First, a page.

Unifor has set Oct. 9 at 11:59 p.m. as the deadline for contract talks with General Motors as union leadership look to secure terms that will be accepted by both the company and union members.

Negotiations between the union and the U.S. automaker resumed this week after workers at Ford Motor Co. of Canada voted to approve a new contract last weekend. 

Lana Payne, president of Unifor, has hailed the Ford contract as life changing for workers as it makes historic wage gains and other benefit improvements.

The Ford contract, however, was only ratified by 54 per cent of workers, and skilled trades workers in Oakville and Windsor did not vote in favour, which has raised questions about how much support GM workers will give to similar terms.

"The skilled trades revolt at Ford will likely spill over into GM and Stellantis bargaining," said Larry Savage, chair of the labour studies department at Brock University, by email. 

He noted that voting at Ford showed a generational divide, with workers near retirement age more likely to oppose the tentative agreement based on concerns over pension improvements. 

But GM has a younger workforce demographic, in part thanks to the relatively recent hires at the company's Oshawa plant. The company shut down operations at the end of 2019, only to reopen it with many new workers in 2021. 

Younger workers secured numerous improvements in the Ford contract, including upfront pay gains, a shorter path to the full pay level, and a higher wage floor.

"For the next generation of autoworkers, this contract is a game changer, no doubt about it," said Jim Stanford, labour economist and director of the Centre for Future Work.

Unifor contract talks are also happening as the United Auto Workers union in the U.S. is also working to secure new contracts. 

The U.S. union started strike action against the Derioit Three on Sept. 15 before expanding it last week, and again on Friday. 

The aggressive stance of the union, both in its escalating strikes and its demands for 40 per cent wage gains, has raised concerns from some Unifor members that their union hasn't pushed hard enough.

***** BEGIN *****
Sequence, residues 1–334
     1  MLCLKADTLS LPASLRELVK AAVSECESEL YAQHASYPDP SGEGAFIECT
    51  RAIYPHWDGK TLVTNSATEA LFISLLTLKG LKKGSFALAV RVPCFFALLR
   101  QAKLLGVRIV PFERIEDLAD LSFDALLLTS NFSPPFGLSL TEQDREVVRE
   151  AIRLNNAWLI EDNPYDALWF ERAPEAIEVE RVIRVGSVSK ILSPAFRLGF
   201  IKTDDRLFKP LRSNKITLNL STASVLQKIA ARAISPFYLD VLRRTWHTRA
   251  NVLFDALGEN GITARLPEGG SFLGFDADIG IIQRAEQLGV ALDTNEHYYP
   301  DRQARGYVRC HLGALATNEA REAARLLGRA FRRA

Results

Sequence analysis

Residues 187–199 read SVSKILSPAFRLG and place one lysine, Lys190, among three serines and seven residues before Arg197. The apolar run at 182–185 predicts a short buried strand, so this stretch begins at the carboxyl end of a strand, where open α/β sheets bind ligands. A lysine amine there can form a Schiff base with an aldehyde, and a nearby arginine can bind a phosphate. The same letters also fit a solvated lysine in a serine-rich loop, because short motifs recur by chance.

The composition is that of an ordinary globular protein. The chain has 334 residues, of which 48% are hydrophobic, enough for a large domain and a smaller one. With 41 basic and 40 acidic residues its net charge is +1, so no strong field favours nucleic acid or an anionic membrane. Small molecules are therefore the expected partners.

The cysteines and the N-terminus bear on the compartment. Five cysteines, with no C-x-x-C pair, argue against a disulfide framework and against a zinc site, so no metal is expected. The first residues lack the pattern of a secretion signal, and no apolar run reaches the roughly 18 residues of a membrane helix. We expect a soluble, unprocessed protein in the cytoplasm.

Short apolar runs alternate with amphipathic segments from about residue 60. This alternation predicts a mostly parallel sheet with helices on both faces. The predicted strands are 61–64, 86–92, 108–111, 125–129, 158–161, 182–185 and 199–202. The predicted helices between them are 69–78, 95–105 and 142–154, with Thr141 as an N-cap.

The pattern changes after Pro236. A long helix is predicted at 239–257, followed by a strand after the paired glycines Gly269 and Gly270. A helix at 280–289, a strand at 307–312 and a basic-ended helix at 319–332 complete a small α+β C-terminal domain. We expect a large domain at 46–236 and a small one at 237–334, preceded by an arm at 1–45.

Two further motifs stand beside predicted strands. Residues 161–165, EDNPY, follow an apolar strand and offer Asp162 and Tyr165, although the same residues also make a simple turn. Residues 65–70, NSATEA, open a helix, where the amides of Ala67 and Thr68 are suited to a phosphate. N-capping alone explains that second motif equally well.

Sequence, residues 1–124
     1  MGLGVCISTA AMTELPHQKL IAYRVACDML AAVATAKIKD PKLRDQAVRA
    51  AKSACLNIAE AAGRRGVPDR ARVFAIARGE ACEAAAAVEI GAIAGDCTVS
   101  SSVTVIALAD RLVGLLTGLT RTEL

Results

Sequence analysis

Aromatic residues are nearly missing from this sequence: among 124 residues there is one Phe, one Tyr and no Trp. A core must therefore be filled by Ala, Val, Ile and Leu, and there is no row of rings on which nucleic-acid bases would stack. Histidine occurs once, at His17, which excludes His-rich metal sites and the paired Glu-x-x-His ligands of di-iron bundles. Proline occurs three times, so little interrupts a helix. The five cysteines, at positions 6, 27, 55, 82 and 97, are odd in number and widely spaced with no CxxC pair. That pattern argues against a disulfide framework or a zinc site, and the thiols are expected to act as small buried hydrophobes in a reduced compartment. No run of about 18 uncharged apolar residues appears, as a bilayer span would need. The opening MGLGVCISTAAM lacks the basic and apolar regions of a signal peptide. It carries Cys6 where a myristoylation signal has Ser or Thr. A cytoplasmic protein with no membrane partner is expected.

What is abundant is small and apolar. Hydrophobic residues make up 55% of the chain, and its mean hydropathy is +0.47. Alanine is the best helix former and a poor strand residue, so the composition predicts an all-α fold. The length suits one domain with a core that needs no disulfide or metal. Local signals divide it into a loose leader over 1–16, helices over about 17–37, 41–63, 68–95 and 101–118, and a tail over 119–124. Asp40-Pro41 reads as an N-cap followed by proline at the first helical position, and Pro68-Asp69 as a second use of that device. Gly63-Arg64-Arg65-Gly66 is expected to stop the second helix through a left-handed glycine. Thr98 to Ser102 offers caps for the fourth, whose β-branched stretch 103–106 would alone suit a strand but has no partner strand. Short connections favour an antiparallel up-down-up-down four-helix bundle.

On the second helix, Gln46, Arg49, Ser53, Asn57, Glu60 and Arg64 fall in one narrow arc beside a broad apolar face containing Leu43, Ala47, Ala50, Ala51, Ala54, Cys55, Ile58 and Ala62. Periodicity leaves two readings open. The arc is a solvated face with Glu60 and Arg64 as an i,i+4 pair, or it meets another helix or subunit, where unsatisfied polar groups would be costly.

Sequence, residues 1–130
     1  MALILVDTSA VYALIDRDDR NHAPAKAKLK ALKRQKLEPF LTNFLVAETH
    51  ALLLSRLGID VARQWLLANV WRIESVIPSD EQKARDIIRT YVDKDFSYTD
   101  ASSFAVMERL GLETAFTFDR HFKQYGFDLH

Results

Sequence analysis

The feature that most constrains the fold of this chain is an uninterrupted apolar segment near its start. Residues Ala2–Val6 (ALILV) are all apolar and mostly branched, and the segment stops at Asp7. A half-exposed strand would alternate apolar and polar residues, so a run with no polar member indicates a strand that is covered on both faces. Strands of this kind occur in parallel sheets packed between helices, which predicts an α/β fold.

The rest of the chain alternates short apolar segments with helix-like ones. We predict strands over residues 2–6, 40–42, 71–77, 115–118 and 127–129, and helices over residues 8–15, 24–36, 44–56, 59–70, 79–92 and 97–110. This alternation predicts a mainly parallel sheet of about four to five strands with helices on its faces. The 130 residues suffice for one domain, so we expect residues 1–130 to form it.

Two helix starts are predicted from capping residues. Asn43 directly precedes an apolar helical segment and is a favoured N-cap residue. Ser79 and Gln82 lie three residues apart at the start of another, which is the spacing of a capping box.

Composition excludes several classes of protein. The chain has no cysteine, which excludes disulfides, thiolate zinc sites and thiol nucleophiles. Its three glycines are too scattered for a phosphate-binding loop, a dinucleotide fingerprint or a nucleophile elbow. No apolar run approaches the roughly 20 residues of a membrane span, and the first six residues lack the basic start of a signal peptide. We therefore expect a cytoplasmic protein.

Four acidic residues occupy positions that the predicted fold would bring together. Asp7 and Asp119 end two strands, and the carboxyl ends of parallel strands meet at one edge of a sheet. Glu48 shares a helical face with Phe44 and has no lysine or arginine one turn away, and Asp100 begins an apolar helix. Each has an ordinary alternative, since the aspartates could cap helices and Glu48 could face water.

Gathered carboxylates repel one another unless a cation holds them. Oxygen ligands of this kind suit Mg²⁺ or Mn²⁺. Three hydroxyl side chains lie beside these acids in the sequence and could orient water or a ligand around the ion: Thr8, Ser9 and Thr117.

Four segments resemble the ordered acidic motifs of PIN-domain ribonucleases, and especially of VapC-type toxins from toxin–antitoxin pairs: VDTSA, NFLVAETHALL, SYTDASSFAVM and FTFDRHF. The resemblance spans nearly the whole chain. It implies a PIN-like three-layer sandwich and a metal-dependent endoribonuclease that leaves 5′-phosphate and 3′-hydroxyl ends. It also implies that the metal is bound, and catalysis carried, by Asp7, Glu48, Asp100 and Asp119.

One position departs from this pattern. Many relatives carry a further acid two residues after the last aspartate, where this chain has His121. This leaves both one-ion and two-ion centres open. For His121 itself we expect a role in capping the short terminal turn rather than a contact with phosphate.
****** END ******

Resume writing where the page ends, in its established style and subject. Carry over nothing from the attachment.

Stanford however cautioned against direct comparisons with what's going on in the U.S., noting that the UAW contract spans more than four years so the headline wage gain figure looks higher.

He also noted that the UAW hasn't secure a contract with any guaranteed gains yet. 

"The fact that the UAW strike is continuing will remind people that collective bargaining is hard, and you can't take anything for granted."

It's also still not clear yet how receptive the other two Detroit automakers will be to the terms reached with Ford, said Stanford. 

"Given the size of the economic gains in this agreement, it is not a foregone conclusion that either GM or Stellantis will roll over and accept it," he said. 

GM has said simply that it looks forward to "working with our Unifor partners to build a competitive future that also recognizes our employees’ contributions to our shared success."

The GM talks cover about 4,300 workers at the automaker's St. Catharines Powertrain Plant, the Oshawa Assembly Complex and the Woodstock Parts Distribution Centre. 

This report by The Canadian Press was first published Sept. 29, 2023.